The long-held belief that Irving and Scott were inseparable clearly eroded over the past few weeks.
“They’re close, but they’re not attached at the hip,” one player in the locker room said in recent weeks as Scott’s job security came into question. “I don’t think Kyrie would be really crushed or anything if he was fired.”
Scott’s time with the Cavs will be widely viewed as incomplete, despite the dismal record. He took the job likely believing he was going to coach LeBron James, but when James left for the Miami Heat days after Scott took the job, the Cavs launched a lengthy rebuild through the draft. He was never able to field a complete roster full of NBA-caliber players and injuries sabotaged any chance the Cavs had at success this season.
They had their projected starting lineup intact for only 10 games. The most devastating injury was Anderson Varejao’s split quadriceps muscle, which ultimately ended his season after he developed a blood clot post-surgery.
Yet even when the Cavs had some semblance of a healthy roster and steady rotation during the month of February, they went 7-5 — their one and only winning month under Scott’s direction.
Scott was often given assurances he would be the coach through the rebuild and when the team returned to contention. Even as rumors swirled about his future, he still had ongoing talks with Grant about plans for the upcoming summer and targets in this draft. He made it clear recently he is interested in finding another job quickly, although he didn’t rule out another stint with ESPN. He was working for the network as an analyst when the Cavs hired him in 2010.
Now the search will begin for his replacement. With perhaps as many as 10 head coaching jobs opening this offseason, the Cavs are expected to move quickly. Candidates they could have an interest in include Indiana Pacers assistant Brian Shaw, Golden State Warriors assistant Mike Malone, Miami Heat assistant David Fizdale and former Orlando Magic coach Stan Van Gundy. Even former coach Mike Brown — as far-fetched as it may seem on the surface — cannot be dismissed as a candidate to return.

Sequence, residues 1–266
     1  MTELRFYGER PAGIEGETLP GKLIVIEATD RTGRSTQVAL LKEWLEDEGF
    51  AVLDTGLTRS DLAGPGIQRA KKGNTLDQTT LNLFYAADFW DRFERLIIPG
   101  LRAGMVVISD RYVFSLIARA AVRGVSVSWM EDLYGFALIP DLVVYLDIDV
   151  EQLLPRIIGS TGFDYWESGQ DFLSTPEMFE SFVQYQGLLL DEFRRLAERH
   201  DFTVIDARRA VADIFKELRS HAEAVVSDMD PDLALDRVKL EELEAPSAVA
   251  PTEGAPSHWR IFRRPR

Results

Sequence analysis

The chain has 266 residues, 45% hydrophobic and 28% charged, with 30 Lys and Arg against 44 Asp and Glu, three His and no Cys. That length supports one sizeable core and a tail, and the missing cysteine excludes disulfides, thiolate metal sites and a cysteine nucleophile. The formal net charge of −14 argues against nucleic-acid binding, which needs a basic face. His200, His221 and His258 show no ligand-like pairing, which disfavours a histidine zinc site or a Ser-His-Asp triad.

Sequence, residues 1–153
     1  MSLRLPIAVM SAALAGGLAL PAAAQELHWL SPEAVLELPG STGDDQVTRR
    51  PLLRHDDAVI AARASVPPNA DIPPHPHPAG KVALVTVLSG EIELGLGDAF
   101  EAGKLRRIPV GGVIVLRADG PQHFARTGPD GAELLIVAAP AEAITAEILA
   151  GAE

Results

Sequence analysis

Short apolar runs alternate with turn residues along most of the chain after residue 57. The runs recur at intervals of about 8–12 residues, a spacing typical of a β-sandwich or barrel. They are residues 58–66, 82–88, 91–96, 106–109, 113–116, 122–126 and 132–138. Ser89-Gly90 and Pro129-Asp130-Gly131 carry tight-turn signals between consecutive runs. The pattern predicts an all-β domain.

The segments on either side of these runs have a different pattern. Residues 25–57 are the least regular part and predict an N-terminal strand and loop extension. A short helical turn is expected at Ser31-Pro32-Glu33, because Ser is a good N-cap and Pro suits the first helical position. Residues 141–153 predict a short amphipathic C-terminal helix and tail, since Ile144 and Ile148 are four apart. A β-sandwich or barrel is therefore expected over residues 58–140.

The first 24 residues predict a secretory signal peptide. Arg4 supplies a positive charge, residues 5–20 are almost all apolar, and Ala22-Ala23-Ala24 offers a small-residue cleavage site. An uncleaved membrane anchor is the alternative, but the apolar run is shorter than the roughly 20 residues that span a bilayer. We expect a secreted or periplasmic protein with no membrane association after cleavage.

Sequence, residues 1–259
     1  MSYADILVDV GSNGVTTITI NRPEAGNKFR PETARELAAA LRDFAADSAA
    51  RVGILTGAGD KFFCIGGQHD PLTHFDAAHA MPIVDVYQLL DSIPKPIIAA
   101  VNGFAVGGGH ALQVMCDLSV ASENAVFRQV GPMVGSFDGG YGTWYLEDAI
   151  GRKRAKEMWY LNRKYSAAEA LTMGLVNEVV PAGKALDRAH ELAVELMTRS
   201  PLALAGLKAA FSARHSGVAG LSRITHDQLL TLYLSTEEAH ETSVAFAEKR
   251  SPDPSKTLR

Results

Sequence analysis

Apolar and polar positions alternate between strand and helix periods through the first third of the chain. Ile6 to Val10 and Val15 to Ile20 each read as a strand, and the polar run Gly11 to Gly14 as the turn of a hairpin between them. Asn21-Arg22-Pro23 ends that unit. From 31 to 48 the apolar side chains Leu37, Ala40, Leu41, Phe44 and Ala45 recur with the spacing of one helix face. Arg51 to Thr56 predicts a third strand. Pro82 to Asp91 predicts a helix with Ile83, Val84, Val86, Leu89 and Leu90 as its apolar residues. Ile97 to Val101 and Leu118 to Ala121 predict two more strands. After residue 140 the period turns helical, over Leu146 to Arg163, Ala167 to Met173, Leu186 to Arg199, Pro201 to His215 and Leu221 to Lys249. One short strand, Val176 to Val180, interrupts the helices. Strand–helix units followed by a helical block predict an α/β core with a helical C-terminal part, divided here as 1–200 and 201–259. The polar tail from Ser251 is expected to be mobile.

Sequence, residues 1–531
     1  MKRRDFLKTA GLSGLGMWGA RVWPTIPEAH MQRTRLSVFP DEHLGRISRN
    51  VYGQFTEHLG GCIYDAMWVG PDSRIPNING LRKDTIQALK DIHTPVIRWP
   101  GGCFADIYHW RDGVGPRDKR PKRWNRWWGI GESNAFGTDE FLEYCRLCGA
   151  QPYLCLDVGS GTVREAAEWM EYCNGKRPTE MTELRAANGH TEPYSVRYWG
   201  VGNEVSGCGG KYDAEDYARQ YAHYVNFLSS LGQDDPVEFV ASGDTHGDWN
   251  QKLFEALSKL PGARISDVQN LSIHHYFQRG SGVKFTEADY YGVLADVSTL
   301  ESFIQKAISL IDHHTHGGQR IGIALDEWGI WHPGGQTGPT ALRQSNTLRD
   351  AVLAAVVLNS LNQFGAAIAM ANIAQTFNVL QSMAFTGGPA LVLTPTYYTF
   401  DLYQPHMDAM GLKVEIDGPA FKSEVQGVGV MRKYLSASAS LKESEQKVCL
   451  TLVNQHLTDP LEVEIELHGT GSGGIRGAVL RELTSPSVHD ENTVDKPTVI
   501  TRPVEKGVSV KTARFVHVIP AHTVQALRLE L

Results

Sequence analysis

Coaching legend Phil Jackson has reportedly shown interest in returning to the NBA, and the Cavs pursued him in 2005 before hiring Brown, but much has changed since then and it’s doubtful Jackson would have interest in the Cavs now that they’re in the midst of a rebuild.
Collins out as 76ers coach, will remain with team
Doug Collins has resigned after three seasons as coach of the Philadelphia 76ers and will remain with the franchise as an adviser.
Collins has one year left on his original four-year deal worth $4.5 million. He steps down after a season so full of promise unraveled starting with the knee injury to center Andrew Bynum. The Sixers went 34-48 and missed the playoffs for the first time in his three seasons.
The decision was announced by owner Josh Harris Thursday.
“This is his decision,” Harris said. “He is not being pushed out.”
Collins was on hand at the team’s end-of-season press conference, and told reporters he made this decision in December, citing family reasons.
“There are a lot of things I want to enjoy,” he said.
That, and Collins wanted no part of what is expected to be a long rebuilding process from the bench. He will instead add his input from the front office.
The Sixers picked up the option on Collins’ contract for the 2013-14 season in training camp and he said then he wanted to remain with the organization in some capacity when his coaching career is over. It’s over earlier than expected.
“I don’t have to drop my head. I didn’t fail,” Collins said. “A lot of it was out of our control and sometimes you have to realize that. We’ve got a lot of good young pieces and we probably played our best basketball the last six weeks of the season, which was important to me.”